The Cardiac Troponin Renal Disease Diagnostic Conundrum: Past, Present, and Future
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Articles, see p 425 and p 436
Nearly 25 years ago, novel assays of cardiac troponin (cTn) emerged as diagnostic and prognostic blood-based biomarkers superior to creatinine kinase isoforms, utilizing the accuracy of immune-assay technology and unique cardiac myocyte-specific epitopes. A new consensus definition of acute myocardial infarction (AMI) ultimately emerged, recommending cTn as the biomarker of choice.1 This definition reflected an increased emphasis on a biochemical basis for the diagnosis of AMI, particularly for non-ST–elevation AMI (NSTEMI). Two subsequent redefinitions of AMI have further emphasized and refined the role of cTn levels for diagnosis. Most recently, the European Society of Cardiology guidelines, utilizing an extended experience with high-sensitive (hs) cTn assays, have proposed algorithms to triage patients suspected of NSTEMI based on initial, or initial and 1-hour follow-up hs-cTn levels.2 Both groups presenting their work in this issue of Circulation have previously contributed3,4 to demonstrating the efficacy of such an approach. However, as all clinicians know, the interpretation of cTn levels for the diagnosis of NSTEMI often requires considerable clinical acumen to account for confounding comorbidities. These challenges have led to some trepidation surrounding the introduction of hs-cTn assays into clinical practice in the United States. No comorbidity has resulted in more confusion regarding cTn result interpretation than chronic kidney disease (CKD).5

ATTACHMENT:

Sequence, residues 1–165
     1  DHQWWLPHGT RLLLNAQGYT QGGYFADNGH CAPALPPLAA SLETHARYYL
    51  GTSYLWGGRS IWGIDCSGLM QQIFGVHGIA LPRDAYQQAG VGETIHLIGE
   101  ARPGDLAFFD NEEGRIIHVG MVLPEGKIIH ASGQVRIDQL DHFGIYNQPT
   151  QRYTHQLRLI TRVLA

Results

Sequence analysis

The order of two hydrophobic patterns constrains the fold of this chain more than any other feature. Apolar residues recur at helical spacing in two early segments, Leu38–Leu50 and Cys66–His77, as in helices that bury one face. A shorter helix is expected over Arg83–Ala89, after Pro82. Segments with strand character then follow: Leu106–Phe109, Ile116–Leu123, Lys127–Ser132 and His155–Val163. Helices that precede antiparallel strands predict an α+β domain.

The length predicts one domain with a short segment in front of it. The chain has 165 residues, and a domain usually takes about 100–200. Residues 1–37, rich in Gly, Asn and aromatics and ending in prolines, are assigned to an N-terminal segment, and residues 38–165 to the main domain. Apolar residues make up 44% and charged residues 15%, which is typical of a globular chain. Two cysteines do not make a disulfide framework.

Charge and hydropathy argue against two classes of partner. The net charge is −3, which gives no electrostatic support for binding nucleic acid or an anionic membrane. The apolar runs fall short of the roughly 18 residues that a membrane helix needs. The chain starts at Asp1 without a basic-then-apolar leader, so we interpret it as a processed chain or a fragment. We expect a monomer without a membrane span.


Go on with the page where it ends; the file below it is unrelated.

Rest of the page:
Soon after the first studies demonstrating a poor prognosis in unstable angina patients with elevated cardiac troponin T (cTnT) quantified by first-generation assays, investigators observed that cTnT levels could be chronically elevated in patients with CKD without signs or symptoms of AMI.6 These findings were initially attributed to a lack of cardiac isoform specificity; however, subsequent versions of the cTn assays …